Vol. 1, Blood (issues 1 – 6)
        Vol. 2, Guts (issues 7 – 12)
        (Failing that, Amazon sells them for less than the per issue cost.)

  3. Christine Noble April 24, 2013 at 7:02 am #

    Also, loving the new title for the blog!

    • Michael Hulshof-Schmidt April 24, 2013 at 8:11 am #

      Christine, I’m so glad you love the new name. It is always nice to be in a community of folks such as yourself that are dedicating so much energy and time to social justice. I need to catch up on your wonderful blog. I fear we have had an enormous amount of loss in the past month and I have not been able to ready many of your great articles.

      • Christine Noble April 24, 2013 at 8:22 am #

        I am so sorry. I wish I could be more comfort in all the challenges you have faced.

      • Michael Hulshof-Schmidt April 24, 2013 at 8:32 am #

        Reading your blog provides great comfort, just knowing all of the good work you are doing!

  4. dykewriter April 24, 2013 at 8:23 am #

    Reblogged this on dyke writer and commented:
    Magic Bikini Armour -1 to hit

    mostly because of the distraction factor

    Wonder Woman and her lasso of truth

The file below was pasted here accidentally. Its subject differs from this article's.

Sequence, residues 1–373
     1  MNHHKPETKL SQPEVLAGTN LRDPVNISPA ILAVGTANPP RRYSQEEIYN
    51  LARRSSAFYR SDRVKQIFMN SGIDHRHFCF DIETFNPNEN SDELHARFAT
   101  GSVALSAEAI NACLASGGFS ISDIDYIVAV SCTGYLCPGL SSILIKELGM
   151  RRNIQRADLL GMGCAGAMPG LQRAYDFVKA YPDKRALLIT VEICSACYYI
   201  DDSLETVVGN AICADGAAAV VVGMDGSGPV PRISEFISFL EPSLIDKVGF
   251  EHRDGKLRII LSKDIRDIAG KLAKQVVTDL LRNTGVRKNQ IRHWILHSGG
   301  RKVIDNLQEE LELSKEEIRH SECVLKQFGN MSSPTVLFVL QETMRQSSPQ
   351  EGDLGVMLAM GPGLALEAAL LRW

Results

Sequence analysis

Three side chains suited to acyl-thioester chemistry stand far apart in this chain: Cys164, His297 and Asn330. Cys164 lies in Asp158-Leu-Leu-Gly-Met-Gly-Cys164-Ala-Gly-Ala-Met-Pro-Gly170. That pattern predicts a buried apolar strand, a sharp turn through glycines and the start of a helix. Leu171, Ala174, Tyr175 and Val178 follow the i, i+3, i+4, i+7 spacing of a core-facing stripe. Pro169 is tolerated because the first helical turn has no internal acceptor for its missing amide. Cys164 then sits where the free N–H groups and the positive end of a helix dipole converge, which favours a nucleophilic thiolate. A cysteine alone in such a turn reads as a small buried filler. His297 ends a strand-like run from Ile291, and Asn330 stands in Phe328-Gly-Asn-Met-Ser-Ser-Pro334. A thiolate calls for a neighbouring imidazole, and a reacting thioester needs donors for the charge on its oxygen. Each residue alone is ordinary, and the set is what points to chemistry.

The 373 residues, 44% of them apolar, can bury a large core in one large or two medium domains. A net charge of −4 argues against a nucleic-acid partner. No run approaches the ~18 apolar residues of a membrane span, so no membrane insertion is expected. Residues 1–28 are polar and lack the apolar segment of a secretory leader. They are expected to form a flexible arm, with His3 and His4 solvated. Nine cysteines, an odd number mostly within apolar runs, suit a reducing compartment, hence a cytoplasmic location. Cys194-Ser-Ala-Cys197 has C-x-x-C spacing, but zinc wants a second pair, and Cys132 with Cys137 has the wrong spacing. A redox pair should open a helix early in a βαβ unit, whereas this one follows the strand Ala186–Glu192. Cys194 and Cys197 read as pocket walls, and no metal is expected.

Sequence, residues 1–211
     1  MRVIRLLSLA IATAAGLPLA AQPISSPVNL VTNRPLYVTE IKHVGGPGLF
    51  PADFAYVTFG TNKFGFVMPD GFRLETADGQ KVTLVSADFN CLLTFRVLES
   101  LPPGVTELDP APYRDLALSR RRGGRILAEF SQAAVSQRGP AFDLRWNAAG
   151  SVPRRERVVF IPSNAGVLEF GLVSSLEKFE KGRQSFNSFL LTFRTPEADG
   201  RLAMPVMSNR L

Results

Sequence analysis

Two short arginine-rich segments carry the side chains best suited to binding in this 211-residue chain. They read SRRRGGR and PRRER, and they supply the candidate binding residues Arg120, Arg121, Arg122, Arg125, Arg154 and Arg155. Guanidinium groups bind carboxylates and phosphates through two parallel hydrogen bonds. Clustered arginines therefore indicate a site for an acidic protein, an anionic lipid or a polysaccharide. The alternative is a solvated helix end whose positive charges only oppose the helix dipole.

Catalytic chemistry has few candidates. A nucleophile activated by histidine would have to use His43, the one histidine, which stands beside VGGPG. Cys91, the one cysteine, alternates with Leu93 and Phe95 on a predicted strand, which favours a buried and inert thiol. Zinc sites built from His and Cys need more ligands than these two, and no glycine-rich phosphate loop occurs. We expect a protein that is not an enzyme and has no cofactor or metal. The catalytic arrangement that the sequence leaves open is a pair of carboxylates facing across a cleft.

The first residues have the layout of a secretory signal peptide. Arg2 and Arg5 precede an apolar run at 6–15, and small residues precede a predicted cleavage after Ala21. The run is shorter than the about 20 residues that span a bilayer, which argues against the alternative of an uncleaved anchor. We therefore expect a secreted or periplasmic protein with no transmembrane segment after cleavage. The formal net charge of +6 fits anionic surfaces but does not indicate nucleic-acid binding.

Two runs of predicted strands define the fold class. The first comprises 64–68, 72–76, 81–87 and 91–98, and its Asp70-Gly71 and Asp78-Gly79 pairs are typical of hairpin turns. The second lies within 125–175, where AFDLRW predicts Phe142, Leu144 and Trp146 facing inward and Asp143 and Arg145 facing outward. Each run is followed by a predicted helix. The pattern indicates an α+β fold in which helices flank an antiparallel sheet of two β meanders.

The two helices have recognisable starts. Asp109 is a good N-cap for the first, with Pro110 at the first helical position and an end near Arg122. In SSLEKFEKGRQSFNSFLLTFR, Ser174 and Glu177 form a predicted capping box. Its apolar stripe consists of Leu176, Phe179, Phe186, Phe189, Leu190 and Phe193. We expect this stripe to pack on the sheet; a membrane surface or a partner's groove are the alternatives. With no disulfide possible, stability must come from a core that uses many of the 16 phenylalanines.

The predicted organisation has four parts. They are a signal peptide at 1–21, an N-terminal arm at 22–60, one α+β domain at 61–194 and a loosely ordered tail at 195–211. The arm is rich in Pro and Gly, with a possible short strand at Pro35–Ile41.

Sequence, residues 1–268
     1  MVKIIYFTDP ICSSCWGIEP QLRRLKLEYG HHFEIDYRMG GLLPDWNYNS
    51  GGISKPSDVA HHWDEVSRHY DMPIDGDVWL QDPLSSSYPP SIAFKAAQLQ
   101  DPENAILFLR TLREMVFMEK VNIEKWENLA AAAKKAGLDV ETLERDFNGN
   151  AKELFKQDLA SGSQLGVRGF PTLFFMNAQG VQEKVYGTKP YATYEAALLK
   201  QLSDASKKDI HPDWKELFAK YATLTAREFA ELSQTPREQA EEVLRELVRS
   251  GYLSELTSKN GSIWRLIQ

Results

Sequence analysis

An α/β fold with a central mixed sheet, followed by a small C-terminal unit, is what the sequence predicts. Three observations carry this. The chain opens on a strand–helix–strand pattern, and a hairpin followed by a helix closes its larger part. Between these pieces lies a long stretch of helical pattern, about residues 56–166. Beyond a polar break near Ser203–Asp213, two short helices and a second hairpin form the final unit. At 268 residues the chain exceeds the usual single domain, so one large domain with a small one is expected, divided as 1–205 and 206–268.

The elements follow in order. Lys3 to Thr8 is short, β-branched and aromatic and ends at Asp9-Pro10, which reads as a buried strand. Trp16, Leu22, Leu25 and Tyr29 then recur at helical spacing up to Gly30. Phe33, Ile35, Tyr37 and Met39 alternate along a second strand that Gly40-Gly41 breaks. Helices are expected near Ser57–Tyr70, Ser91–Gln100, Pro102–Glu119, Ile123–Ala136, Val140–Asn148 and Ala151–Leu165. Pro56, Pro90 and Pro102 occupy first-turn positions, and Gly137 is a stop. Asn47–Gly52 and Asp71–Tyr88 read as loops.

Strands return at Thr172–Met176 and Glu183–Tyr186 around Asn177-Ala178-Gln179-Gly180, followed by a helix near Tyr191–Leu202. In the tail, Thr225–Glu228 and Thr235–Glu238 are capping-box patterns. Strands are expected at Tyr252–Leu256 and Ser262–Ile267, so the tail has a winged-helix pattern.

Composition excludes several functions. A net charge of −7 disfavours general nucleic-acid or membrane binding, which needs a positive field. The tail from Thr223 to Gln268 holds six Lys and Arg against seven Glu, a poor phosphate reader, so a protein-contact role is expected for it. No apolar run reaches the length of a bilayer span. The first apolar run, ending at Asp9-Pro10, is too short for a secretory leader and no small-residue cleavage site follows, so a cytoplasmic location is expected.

ultimate SMBD….

  5. dykewriter April 24, 2013 at 8:24 am #

    I got that tv series, it’s fun to watch

    the jump from the 40s to the 70s was really funny

    • Robert Hulshof-Schmidt April 24, 2013 at 8:37 am #

      Yes, it really is a delightful show and it holds up better than many 70s action shows.
      Thanks for reblogging the post!

      • dykewriter April 24, 2013 at 8:52 am #

        I only remember the 70’s part from the original airdates

        I was shocked to see the WW2 parts

        and seriously

        the plots of nazis in america doing stuff

        it’s no wonder people have a distorted view of history

  6. Sarah Kiprotich April 25, 2013 at 9:03 pm #

    Comicons these days are very fun. There are entire aisles dedicated to GLBT books and loads of artists and writers redefining characters and plots to not just be more feminist, but to go beyond and explore all kinds of identities. It’s a very exciting age to live in for a comic book fan. Leave behind your Marvel and DC (as much as we love them), and seek out small, independent presses and you will be very much rewarded.

    • Robert Hulshof-Schmidt April 25, 2013 at 9:14 pm #

      I haven’t been to a Con in a very long time. Sounds like the energy has really changed for the better.
      I agree that the smaller publishers have a lot more variety– and some great stuff. Growing up as a DC kid, though, it makes me happy when I see the Big Two making some incremental change.

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    • Michael Hulshof-Schmidt September 8, 2014 at 7:46 am #

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  8. Robert Hulshof-Schmidt April 26, 2013 at 7:53 am #

    Thanks for reblogging this, Nancy!


  1. Wonder Women! Pop Culture and Feminist Role Models | Social Justice For All | Central Oregon Coast NOW - April 26, 2013

    […] Wonder Women! Pop Culture and Feminist Role Models | Social Justice For All. […]